Impact of the Human Rights Act
Much discussion in the media – especially the print media – about the Human Rights Act and its impact on the UK is conducted in an extremely shrill tone, and is sometimes not as well informed as it should be. It is therefore worth looking out for more sober appraisals of the working of the legislation. The Ministry of Justice publishes a (more or less) annual survey – both of cases where the UK government has been taken before the European Court on Human rights, and where the UK Courts have made declarations of incompatibility. The latest of these reports was published in September 2011.
This shows that the number of cases where the UK is a party before the ECtHR is very small (though the issues are important – e.g. the case on the voting rights of prisoners), and that there have been very few declarations of incompatibility – only 27 in 10 years, about half of which were not supported by the Supreme Court (formerly House of Lords).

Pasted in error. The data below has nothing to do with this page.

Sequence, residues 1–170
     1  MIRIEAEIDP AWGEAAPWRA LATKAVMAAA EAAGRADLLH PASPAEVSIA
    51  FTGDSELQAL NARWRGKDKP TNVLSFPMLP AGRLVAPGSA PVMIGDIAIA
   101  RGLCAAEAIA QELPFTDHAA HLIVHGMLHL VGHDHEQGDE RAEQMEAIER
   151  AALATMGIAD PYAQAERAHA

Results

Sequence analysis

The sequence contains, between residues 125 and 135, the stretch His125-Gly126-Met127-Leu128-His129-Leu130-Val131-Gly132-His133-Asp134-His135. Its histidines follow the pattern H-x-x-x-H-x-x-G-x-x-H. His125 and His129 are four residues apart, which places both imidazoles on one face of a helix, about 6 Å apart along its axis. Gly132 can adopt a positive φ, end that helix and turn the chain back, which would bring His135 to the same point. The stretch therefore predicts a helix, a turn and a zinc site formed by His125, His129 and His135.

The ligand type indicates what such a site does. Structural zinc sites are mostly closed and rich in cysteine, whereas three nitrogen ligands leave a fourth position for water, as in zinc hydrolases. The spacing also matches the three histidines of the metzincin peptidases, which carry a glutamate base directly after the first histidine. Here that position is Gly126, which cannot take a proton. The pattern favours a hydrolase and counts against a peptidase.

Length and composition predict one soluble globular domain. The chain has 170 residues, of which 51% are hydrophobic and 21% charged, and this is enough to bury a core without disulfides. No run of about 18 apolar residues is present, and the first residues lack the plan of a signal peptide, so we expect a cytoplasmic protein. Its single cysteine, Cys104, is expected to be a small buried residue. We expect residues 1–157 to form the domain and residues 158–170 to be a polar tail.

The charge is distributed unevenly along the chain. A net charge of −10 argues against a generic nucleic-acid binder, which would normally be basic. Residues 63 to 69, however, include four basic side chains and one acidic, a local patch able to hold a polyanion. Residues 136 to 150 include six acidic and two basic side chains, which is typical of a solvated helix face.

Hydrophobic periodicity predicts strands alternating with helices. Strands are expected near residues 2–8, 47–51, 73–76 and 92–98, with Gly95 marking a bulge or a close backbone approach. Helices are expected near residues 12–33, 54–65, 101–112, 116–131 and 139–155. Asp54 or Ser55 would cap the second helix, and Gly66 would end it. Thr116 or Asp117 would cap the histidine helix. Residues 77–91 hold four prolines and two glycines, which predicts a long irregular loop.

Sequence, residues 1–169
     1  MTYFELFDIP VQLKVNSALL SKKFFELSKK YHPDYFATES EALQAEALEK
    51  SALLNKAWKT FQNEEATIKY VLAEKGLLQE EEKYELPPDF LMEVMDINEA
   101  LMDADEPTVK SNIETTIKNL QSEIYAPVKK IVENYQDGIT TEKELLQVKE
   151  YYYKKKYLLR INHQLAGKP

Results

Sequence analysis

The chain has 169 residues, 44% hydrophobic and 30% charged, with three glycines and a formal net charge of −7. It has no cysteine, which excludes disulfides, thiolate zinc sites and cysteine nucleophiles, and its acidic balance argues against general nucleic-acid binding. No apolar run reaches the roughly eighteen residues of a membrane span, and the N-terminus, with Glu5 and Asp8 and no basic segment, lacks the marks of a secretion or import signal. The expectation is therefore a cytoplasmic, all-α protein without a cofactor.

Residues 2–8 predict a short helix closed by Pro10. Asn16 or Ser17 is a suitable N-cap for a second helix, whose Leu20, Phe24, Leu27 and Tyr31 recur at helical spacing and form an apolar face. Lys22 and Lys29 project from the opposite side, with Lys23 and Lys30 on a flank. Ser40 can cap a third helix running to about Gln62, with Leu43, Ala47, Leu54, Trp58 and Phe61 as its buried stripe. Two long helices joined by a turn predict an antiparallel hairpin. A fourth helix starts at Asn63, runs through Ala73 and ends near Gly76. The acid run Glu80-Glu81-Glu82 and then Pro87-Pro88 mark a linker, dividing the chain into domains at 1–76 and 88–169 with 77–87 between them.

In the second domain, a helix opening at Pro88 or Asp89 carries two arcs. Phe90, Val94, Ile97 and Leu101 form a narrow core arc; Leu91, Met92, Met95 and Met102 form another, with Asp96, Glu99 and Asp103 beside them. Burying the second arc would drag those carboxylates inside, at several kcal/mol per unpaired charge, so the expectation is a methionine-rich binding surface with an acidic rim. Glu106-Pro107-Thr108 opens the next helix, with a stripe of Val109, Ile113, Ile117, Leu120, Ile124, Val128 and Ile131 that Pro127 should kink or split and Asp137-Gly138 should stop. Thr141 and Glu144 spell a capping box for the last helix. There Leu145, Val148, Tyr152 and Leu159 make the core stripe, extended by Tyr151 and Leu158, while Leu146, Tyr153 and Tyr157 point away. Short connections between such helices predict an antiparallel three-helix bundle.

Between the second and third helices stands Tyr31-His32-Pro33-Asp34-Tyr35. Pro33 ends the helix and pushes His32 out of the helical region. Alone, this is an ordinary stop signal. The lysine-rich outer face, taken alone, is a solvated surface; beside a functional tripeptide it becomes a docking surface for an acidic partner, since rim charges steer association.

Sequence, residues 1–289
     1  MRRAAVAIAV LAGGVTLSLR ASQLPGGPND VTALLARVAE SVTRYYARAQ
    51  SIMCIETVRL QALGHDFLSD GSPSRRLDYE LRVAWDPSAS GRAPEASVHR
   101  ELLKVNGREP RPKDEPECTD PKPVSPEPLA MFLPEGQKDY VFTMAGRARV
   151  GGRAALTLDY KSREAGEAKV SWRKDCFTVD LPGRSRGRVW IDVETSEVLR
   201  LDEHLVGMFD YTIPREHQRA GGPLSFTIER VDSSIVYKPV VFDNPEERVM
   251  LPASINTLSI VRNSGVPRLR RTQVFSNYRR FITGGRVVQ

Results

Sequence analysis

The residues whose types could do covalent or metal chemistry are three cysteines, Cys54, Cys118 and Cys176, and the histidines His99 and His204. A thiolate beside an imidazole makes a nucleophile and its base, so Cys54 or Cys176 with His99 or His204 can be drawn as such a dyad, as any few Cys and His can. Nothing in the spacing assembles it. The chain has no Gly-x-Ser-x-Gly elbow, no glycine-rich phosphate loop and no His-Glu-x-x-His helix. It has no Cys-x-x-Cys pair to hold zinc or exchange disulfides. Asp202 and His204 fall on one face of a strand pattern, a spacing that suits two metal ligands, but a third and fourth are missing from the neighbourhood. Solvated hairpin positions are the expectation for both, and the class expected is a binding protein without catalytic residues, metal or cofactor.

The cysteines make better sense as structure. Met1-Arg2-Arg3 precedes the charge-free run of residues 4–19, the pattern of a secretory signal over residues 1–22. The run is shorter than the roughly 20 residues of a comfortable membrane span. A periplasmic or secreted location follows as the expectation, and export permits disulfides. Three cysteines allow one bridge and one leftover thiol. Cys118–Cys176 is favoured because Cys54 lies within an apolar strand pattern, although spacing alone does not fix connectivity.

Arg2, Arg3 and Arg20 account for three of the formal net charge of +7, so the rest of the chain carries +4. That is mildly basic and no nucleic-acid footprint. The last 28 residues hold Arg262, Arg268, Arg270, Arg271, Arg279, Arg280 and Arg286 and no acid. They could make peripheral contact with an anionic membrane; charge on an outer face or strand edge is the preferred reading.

The review of recent developments can be seen at http://www.justice.gov.uk/downloads/publications/policy/moj/responding-to-human-rights-judgments.pdf
The current review by the Commission on a Bill of Rights http://www.justice.gov.uk/about/cbr/index.htm is specifically required not to consider the withdrawal by the UK Government from its obligations under the convention. But it has recently published interim advice to Government supporting the view that the Strasbourg Court is in need of serious reform if it is not to grind to a complete halt. The advice may be seen at http://www.justice.gov.uk/downloads/about/cbr/cbr-court-reform-interim-advice.pdf